Sitting comfortably in my living room, I had every intention of listening to the boxed set that had recently landed with a thud in my mailbox. For Bach lovers, Glenn Gould fans and pianists (I’m all three), here was perhaps the ultimate find of recording history, finally available: the nearly five hours of Gould’s complete recording sessions for his momentous debut album, Bach’s “Goldberg” Variations.”
Glenn Gould recording Bach’s “Goldberg” Variations in 1955. The complete sessions have been recently released on disc.CreditCreditFred Plaut, via Sony Music Entertainment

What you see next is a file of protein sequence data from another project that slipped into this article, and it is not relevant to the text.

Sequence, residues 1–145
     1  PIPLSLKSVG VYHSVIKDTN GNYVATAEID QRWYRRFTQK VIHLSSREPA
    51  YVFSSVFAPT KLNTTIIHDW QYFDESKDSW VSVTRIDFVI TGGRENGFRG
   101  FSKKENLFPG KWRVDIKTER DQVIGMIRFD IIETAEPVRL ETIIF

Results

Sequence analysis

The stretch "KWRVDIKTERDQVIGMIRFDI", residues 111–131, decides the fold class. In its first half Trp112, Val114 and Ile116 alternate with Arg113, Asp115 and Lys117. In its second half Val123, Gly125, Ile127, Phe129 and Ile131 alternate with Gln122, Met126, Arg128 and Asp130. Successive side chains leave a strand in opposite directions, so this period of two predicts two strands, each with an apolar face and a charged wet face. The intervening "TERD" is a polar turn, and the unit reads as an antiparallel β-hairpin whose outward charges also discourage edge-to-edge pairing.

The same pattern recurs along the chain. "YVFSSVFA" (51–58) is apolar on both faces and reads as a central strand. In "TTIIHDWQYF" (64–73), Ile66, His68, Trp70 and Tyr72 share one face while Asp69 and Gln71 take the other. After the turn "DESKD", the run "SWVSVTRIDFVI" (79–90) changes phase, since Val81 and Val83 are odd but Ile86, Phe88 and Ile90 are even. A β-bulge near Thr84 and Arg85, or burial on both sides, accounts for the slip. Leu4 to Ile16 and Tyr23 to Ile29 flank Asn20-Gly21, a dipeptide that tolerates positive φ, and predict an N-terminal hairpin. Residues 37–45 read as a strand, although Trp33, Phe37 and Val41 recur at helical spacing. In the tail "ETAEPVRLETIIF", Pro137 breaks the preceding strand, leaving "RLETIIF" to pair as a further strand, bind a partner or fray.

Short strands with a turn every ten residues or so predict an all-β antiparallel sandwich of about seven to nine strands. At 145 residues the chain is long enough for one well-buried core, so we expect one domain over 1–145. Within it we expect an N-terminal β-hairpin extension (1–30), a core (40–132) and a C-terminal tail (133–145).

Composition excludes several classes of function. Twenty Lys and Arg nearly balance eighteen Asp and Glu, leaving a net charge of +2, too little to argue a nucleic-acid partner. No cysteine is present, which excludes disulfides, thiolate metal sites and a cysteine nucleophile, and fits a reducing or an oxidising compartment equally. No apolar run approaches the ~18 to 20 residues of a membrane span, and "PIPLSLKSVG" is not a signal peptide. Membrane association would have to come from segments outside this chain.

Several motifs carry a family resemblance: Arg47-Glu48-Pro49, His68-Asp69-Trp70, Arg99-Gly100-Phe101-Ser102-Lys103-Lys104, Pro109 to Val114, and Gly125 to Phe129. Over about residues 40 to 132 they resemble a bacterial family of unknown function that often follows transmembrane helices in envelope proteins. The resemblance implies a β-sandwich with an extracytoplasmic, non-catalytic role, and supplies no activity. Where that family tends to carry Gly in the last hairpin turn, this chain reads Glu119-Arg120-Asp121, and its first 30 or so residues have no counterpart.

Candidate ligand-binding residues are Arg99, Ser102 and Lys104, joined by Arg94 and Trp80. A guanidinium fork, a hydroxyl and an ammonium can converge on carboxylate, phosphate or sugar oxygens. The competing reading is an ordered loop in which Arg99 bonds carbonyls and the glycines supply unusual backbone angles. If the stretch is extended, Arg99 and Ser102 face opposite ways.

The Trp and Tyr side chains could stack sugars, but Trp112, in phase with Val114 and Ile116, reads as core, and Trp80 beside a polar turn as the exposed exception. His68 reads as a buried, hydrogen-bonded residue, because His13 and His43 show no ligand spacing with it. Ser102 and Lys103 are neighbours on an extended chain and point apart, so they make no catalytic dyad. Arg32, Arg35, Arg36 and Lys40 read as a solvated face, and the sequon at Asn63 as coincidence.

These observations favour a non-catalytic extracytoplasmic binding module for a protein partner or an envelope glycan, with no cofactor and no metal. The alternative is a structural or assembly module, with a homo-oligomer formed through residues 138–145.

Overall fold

But I couldn’t make it through, not even close. Let me explain.
In four intense sessions in a Manhattan studio in June 1955, the 22-year-old Gould recorded his breathless, uncannily clear account of the “Goldbergs.” The release turned what had previously been considered a lengthy piece for harpsichord, of interest only to Bach specialists, into a runaway hit. It also made the gangly, eccentric Gould an unlikely classical superstar. Full story.
Anthony Tommasini (The New York Times) / February 2, 2018
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